2018 GMC Terrain

2018 GMC Terrain Review

GMC's new generation of Terrain is one of the nicest compact crossovers on the market.
6.5 / 10
Edmunds overall rating
by Will Kaufman
Edmunds Editor

Edmunds expert review

Although popular, the previous-generation Terrain was falling short of the class standards for drivability, technology and interior quality by the end of its run. Happily, the fully redesigned 2018 GMC Terrain addresses the problems the aging generation had and now represents a more compelling choice for a small, five-passenger crossover SUV.

The new Terrain pulls off the impressive trick of shrinking by just over 3 inches in length and 400 pounds in weight from the previous generation without sacrificing more than an inch of head- or legroom. Maximum cargo volume is nearly the same, too. That weight loss, combined with new engines and transmissions, promises better performance and fuel economy. However, the base engine struggles to deliver on its performance or fuel economy in the real world. We highly recommend the optional engine upgrades: The turbocharged 2.0-liter four-cylinder improves performance, while the turbocharged 1.6-liter turbodiesel is pleasant to drive and is a fuel economy champ — GMC estimates it will return 40 mpg on the highway.

The Terrain (and its sibling, the Chevy Equinox, which is nearly identical under the skin) is one of the nicest vehicles in the segment to spend time in. It's comfortable and easy to drive and comes standard with one of the best infotainment interfaces in the class. There's plenty of headroom all around, and the back seats fold flat with the pull of a lever. Aside from the disappointing base powertrain, downsides include a slightly smaller cargo area than some rival crossovers and pricing that's noticeably higher than other vehicles you might be cross-shopping. We also had to ding the Terrain for its overly firm ride quality.

If what you're looking for is efficiency, practicality and ease of use, the Honda CR-V with its 1.5-liter turbo engine is an obvious choice. The Mazda CX-5 provides a better driving experience and an interior that, in higher trims, feels even more upscale than the GMC's for less money. If you're looking for off-road prowess, the Jeep Cherokee and the Subaru Forester offer more capability.

What's new for 2018

The GMC Terrain has been redesigned from the ground up for 2018.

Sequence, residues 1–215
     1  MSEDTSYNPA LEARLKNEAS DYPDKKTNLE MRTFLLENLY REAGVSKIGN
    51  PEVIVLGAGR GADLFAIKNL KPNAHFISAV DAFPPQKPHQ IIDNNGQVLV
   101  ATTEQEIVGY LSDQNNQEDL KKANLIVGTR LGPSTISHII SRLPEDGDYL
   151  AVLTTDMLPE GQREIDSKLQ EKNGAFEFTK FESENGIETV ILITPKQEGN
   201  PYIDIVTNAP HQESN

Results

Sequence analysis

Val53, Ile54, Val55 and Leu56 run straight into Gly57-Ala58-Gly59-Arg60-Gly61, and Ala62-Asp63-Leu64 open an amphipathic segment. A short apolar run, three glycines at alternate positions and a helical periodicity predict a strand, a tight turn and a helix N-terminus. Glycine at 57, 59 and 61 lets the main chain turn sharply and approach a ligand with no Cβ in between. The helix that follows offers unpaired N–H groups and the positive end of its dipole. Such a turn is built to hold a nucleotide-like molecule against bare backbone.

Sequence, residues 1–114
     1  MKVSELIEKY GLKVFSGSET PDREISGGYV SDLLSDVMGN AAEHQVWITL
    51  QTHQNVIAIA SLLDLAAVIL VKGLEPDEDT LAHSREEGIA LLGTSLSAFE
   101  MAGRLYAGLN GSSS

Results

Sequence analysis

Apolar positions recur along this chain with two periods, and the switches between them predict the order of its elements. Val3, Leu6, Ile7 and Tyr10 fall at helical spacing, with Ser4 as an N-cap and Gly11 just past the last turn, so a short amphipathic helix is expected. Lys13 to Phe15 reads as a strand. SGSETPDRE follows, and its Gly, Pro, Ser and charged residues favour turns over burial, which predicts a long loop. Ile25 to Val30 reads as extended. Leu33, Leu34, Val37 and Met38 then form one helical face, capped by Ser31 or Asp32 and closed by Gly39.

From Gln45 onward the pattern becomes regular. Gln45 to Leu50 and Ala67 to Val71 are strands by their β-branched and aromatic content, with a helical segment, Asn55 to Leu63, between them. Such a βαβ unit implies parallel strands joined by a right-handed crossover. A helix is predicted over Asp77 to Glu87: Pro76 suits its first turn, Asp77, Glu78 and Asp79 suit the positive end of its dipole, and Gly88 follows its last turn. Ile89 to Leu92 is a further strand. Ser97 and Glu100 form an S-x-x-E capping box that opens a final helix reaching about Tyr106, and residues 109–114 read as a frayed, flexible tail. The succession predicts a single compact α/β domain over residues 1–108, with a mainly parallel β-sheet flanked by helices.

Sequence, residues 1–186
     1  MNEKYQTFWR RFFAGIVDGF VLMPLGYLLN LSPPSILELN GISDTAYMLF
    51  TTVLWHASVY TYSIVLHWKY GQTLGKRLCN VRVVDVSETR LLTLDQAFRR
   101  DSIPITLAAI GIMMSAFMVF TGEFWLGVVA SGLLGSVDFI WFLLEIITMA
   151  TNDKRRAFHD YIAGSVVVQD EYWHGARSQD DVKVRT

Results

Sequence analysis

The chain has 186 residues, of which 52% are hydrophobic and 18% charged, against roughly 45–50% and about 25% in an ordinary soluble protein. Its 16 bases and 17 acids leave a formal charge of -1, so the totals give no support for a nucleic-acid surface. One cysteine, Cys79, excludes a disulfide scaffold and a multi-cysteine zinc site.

We recommend

We think the SLE with the Driver Alert I package gets you all the basic safety and technology features you need, plus quite a few you'll want. However, buyers who want a full suite of active safety features, including forward collision mitigation with automatic braking and lane departure intervention, will need to upgrade to the SLT and the Driver Alert II package. In either case, we also recommend upgrading from the base engine, as the 2.0-liter dramatically improves the driving experience without a serious mileage penalty.

Trim levels & features

Even the base SL trim of the 2018 Terrain comes with some desirable features, but it has a very limited options menu. Moving up to the SLE gets you access to more options. The SLT adds more luxury features and access to a few higher-end options. Finally, the top-trim Denali has features and options that put it in the near-luxury class, but it comes with a near-luxury price.

The base SL trim can only be had with the turbocharged 1.5-liter four-cylinder engine (170 hp, 203 lb-ft of torque) and a nine-speed automatic transmission, driving the front wheels. Trailering equipment is the only major optional upgrade available for the SL; beyond that it can't be upgraded. In fact, only three paint colors are available, and only white doesn't come with an added cost.

That said, the SL comes with a decent set of standard features, including keyless ignition and entry, cruise control, 17-inch alloy wheels, a leather-wrapped steering wheel, a rearview camera, two USB ports for the front seats, two charging-only USB ports for the rear, front and rear 110-volt power outlets, a 7-inch touchscreen infotainment system, Bluetooth, Apple CarPlay and Android Auto compatibility, and a six-speaker sound system with satellite radio. GM's Teen Driver system and OnStar are also standard.